Located just west of Aix-en-Provence and due north of Marseilles, the quaint and totally fictional village of St-Buvard (or “Saint Erasure” as Maggie translates the name) is like most charming moments in time, a throw-back to a simpler, more organic life. The young ones won’t stay, the oldsters aren’t really sad to see them go.
Boules is played in the square, café crèmes and full-on espressos give way to pastis by midday. The plane trees that flank the village square scatter their leaves on the cobblestones like pale confetti and there’s no hurry to do anything.
St-Buvard lost its boulangerie in book two, Murder à la Carte, but still has a thriving café/bistro/bar in Le Canard where Laurent likes to hang out with his other vintner friends. His associates change somewhat in book six, Murder in Nice, but Laurent will always love the life of a vigneron and some friendships (like Jean-Luc) will endure all.
The village tabac–where Maggie dealt with the very possibly murderous gypsy, Gaston–still sells its sundries, Gitanes and so forth, and Madame Dulcie still terrorizes her husband and most of her patrons at the village charcuterie. (Maggie visits to be friendly but leaves most of the serious meat buying to Laurent and he goes to the market in Aix for that.)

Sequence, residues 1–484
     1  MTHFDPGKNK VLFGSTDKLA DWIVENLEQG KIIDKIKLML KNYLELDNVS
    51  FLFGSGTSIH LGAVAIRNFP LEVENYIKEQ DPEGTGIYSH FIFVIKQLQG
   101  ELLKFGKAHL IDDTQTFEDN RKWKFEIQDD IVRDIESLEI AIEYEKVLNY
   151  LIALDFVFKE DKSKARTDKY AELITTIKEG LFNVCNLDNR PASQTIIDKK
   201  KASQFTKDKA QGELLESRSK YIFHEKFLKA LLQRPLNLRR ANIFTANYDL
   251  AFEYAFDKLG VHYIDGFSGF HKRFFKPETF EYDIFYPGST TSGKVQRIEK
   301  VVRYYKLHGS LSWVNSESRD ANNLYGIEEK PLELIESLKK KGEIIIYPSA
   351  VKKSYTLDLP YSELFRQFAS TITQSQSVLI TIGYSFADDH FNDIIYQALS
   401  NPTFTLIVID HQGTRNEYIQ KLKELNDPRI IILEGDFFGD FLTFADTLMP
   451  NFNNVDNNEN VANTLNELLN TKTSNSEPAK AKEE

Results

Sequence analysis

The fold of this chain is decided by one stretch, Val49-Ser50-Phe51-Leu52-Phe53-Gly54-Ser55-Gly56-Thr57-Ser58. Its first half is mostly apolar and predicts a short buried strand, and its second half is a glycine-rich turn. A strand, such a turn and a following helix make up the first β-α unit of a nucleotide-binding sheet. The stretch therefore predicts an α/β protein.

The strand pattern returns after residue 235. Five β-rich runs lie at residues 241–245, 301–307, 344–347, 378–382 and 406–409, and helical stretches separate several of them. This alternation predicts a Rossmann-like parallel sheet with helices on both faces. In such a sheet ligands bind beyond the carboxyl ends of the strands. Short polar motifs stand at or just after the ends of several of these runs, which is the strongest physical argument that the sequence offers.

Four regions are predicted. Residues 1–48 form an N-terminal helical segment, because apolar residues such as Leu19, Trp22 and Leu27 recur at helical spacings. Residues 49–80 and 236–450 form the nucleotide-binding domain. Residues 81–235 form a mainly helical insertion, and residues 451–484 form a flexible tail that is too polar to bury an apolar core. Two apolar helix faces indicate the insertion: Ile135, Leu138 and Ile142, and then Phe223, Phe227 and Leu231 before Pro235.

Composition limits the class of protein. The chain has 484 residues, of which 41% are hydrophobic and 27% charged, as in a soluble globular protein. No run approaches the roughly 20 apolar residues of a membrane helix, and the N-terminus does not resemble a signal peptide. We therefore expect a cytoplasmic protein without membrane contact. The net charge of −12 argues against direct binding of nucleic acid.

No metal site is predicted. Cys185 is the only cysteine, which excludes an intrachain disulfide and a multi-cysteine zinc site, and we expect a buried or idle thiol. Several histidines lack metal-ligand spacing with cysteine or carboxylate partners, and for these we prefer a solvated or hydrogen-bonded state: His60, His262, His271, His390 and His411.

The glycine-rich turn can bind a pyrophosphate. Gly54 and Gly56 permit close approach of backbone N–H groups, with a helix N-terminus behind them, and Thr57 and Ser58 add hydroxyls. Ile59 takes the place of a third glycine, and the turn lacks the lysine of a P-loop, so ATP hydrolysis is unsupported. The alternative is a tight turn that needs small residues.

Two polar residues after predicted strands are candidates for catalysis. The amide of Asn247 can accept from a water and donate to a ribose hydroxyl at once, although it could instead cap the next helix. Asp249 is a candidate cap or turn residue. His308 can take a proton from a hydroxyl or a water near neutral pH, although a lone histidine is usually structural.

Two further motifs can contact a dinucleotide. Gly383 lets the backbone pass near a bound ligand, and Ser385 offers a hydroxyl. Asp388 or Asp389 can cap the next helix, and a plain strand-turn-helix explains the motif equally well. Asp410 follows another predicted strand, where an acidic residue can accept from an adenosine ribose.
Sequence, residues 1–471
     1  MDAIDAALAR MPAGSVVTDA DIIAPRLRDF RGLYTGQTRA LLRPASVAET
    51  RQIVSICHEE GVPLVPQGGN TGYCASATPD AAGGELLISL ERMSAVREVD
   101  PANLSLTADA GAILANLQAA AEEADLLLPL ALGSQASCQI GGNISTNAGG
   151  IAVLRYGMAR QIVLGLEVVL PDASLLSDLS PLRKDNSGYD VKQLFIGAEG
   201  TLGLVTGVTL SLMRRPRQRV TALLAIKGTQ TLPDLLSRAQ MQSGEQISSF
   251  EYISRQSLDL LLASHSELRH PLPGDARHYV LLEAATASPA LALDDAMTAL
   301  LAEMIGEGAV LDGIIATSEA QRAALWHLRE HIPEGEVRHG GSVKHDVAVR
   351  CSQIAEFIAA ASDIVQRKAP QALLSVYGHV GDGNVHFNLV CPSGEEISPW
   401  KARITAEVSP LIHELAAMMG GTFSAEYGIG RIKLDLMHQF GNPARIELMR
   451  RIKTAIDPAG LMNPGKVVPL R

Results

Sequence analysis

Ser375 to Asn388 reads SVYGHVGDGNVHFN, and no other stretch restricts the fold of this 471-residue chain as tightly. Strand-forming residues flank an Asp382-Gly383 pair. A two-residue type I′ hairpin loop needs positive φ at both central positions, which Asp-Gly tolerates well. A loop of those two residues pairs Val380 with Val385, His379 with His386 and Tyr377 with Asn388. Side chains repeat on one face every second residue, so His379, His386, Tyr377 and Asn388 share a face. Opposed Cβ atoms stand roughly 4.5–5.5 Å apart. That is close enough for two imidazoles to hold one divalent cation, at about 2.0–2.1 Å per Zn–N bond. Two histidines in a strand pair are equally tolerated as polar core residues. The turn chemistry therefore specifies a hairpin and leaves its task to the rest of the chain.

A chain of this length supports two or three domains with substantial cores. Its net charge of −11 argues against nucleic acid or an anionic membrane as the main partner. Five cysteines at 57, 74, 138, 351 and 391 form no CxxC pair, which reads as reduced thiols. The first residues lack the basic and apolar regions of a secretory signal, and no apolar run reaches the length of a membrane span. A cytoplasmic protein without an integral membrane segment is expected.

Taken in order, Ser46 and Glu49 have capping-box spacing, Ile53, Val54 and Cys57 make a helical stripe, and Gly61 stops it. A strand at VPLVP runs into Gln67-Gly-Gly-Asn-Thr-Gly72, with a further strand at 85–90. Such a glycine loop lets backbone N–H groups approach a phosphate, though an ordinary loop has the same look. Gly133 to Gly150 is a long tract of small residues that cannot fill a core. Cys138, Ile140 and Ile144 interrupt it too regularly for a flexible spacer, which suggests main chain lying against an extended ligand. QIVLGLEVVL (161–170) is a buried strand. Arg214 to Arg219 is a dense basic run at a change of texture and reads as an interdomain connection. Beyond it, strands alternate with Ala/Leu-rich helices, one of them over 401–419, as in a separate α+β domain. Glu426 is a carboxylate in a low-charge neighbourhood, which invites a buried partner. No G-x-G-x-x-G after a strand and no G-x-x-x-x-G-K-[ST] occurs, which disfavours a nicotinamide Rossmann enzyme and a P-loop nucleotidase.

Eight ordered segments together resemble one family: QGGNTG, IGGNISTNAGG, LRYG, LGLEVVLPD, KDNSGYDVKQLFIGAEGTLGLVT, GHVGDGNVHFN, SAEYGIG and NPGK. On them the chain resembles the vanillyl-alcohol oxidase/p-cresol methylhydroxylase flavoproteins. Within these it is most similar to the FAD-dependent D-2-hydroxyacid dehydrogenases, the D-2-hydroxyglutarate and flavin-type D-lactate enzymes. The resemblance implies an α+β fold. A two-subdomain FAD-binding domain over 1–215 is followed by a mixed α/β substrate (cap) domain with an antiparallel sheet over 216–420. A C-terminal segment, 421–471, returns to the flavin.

Beautiful, lost in time, gentle, St-Buvard was the precursor of the slow-food movement. In fact, the slow everything movement.
Spend an afternoon here (or the time it takes to read the whole series!) and you’ll come away with a craving for tapenade, fresh-baked croissants, a spicy lapin stew and an hour to just stare into space and wonder.